I'd also appreciate some insight on which models/material is best because i see alot of telescopic rods that look flimsy and easily broken.

    Source(s): good telescopic rods fishing:
  • 1 decade ago

    Most telescopic rods have a tendency to be not well designed and break easily.

    Your best bet?

    Buy a 2 or 3 piece rod. They perform & last MUCH longer than a telescopic rod.

    Everyone I've ever known that purchased a telescopic rod was eventually sorry.

    Hope this helps? Good fishing!

    UPDATE: Kevin- If you've broken "several telescopic rods" and lost a "MONSTER fish" while using one how can that be viewed as "bottom line: they work well"?

    Yes, a telescopic rod breaks down and is easily stowed but if it doesn't function properly as a fishing rod WHY own it?

    Understand, there are pack rods and 2-3 piece rods you can purchase that can break down and function almost as well as a one-piece rod.

    If conveinance is more important than landing a MONSTER fish WHY go fishing?

    Kevin what you are saying is,"Telescopic rods work great until you catch the fish of a lifetime and then they break like a twig?"

    Sorry Kevin, your heart is in the right place, but your answer isn't holding up, (like most telescopic rods!).

    When I went to college I didn't have an "extra dollar" (vs Space) to spend on something I KNEW was going to break easily.

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  • Anonymous
    4 years ago

    For the best answers, search on this site

    I have been fishing for years and I absolutely love my telescopic rod. I use a rod depending on the circumstances, whether im float fishing or ledgering, how far am I expecting to cast. I use my telescopic rod more often than not because I like to do a lot of stalking on rivers moving from one swim to the next. Its handy cos its not too long and bulky, I can break it down keeping the rig set up and then extend it again when needed. Not being too long it doesnt get in the way of overhanging trees and bushes and can get into tighter spots. It all depends really how I intend to fish on the day.

  • Anonymous
    1 decade ago

    The short answer is: Don't do it. You'll be disappointed.

    First off, a standard, two-piece spinning rod doesn't take up any space at all. Stow it in the corner of a closet, or even in a dresser drawer, and you won't even know it's there until you need it. Even a one-piece casting rod takes up no space--your reels are what take up space, and that problem remains no matter what rod you get.

    Short of that, you're better off with an oufit sold as a "pack" or "travel" rod. These break down into from 3 to 5 sections, and often come in a hard case that protects. The difference between them and the telescopes is that a pack rod is designed to came as close to matching that makers regular rods as possible.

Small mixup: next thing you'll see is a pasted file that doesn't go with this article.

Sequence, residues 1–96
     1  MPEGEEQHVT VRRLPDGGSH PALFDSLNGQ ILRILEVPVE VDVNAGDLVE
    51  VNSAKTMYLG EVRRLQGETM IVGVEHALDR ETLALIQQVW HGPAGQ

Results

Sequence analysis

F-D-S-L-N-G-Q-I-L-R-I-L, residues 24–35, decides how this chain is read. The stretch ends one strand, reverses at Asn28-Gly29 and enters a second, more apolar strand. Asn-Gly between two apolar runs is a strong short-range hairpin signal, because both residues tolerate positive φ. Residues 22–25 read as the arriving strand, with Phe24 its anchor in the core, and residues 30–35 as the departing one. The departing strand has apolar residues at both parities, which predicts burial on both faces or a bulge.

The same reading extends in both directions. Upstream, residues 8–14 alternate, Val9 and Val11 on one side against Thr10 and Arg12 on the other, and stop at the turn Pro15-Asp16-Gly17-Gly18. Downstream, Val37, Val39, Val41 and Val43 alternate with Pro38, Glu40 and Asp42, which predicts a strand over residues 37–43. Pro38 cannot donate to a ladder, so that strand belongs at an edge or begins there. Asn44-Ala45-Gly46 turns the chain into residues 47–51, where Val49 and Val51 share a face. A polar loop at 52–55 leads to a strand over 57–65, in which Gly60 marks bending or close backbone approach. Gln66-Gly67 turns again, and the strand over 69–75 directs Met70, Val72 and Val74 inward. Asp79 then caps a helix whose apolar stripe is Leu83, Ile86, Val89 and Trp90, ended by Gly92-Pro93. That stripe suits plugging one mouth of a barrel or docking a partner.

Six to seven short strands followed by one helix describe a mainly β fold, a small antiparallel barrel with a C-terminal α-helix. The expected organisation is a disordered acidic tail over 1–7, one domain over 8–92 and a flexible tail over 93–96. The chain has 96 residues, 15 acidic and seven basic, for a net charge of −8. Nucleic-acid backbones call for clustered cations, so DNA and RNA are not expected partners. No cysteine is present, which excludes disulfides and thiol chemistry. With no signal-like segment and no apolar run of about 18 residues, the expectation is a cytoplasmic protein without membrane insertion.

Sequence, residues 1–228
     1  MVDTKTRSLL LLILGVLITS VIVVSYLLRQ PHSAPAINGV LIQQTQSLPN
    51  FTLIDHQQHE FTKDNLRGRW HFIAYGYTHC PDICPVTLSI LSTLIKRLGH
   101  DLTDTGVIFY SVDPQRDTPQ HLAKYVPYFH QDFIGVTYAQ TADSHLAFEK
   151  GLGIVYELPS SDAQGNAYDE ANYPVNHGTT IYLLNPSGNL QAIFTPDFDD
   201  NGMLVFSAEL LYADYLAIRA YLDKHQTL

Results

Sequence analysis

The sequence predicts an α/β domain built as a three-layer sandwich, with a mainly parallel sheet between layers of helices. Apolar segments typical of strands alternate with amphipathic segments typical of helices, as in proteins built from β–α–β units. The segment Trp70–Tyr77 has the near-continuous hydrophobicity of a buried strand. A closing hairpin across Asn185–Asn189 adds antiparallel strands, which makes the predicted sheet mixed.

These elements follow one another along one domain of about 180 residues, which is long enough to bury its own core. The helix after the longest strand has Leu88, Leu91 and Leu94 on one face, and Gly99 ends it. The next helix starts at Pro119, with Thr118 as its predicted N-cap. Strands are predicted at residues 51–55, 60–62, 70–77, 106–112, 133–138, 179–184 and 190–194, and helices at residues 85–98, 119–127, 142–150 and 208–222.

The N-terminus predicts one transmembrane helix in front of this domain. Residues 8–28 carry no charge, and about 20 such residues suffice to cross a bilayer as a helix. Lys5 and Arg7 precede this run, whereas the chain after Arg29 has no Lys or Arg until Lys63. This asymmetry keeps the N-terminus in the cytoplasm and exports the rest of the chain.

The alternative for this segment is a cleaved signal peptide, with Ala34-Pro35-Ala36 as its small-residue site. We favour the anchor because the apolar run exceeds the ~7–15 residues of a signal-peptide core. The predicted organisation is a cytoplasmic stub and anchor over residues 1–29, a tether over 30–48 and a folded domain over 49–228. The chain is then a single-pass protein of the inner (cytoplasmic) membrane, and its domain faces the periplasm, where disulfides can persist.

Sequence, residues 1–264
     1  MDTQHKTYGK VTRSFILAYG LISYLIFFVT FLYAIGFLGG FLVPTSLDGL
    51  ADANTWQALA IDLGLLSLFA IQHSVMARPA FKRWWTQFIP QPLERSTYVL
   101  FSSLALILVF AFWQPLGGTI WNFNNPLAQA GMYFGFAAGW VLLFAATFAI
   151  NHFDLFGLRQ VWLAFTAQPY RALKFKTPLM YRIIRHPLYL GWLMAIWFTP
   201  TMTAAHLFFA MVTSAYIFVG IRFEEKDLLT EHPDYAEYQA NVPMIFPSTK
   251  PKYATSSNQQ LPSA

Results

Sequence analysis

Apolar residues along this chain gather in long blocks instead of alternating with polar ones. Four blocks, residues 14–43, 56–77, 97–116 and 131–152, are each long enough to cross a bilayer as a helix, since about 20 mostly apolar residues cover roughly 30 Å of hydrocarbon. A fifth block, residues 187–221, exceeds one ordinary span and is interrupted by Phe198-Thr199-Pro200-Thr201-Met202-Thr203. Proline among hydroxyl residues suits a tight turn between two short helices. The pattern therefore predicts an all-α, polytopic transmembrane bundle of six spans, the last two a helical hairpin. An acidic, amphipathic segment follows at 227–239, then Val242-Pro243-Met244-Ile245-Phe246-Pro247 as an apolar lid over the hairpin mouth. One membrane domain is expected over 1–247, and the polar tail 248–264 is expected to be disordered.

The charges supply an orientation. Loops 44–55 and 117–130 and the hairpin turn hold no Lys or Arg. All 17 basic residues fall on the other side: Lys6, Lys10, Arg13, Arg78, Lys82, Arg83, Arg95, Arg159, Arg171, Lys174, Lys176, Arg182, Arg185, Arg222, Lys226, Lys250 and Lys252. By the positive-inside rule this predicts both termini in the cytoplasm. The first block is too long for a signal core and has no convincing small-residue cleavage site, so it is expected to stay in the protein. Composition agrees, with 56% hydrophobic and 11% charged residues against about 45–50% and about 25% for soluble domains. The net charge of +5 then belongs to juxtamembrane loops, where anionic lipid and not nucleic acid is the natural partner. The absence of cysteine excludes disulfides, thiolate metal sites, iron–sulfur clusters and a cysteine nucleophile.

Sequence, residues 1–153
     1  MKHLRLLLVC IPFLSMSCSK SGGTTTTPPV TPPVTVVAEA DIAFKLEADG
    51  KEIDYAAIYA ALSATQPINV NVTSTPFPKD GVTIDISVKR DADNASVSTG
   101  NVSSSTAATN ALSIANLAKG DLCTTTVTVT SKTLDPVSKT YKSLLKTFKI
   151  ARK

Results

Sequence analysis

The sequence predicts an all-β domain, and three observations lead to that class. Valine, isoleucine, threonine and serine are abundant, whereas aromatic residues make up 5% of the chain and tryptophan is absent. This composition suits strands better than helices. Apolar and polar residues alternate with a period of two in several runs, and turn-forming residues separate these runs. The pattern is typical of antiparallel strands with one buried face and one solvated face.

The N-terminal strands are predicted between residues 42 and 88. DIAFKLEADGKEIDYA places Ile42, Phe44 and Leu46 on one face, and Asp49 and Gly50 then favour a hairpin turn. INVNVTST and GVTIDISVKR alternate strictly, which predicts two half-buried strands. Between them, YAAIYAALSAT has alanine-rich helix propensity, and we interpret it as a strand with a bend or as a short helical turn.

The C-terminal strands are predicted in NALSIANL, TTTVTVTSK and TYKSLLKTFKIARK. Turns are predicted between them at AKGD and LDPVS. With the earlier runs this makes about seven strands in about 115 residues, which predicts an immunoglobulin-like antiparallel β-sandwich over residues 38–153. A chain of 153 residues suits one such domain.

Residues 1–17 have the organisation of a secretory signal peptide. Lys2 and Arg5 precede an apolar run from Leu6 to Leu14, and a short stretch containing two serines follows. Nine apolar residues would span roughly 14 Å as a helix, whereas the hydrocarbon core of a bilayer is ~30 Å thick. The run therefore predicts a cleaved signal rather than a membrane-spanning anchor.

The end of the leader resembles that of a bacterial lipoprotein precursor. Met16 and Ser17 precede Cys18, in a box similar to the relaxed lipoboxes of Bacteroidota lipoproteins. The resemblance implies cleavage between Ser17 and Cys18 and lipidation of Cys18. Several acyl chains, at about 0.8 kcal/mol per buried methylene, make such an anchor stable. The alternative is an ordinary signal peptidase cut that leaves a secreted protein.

The list of problems with the telescoping rods is long. To begin with, most of them are cheaply made; and cheap is as cheap does. They tend to be brittle, and break easily; sections jam in the open position (and there goes your storability); they break easily; their actions leave much to be desired; they break easily; they tend to be either too stiff or too limber. And, did I mention that they break easily?

  • Artie
    Lv 7
    1 decade ago

    Telescopic rods are gimmicks and junk. (period) Yes they might work even a few times but they are not a mainstream fishing "have to have"

    even at college in limited space you can hang a great rod and reel over the window covering or above the curtains flat against a wall out of the way. Get the rod and reel that suits your ability and the species you are wanting to target.

  • 1 decade ago

    Given that the best rods are one-piece, it's obvious that telescopic rods are a severe compromise. A small 2-piece would be much better.

  • 1 decade ago

    OK, well there already have been a lot of great answers going into lots of detail, kudos. But to put it simply don't get a telescopic rod. They have a tendency for jamming in one position and staying that way, they can on occasions snap too. My advice to you would be to get a multi section rod, one in say 2-4 sections, the modern spigot joints match up very well and you will get a good action, as opposed to a telescopic rods, don't forget to get a hard cordura rod tube to store it in so it doesn't get broken. Aluminum rod tubes are best but can get a little expensive.

  • 1 decade ago

    I like the idea of telescopic rods and I think I'm going to buy one soon.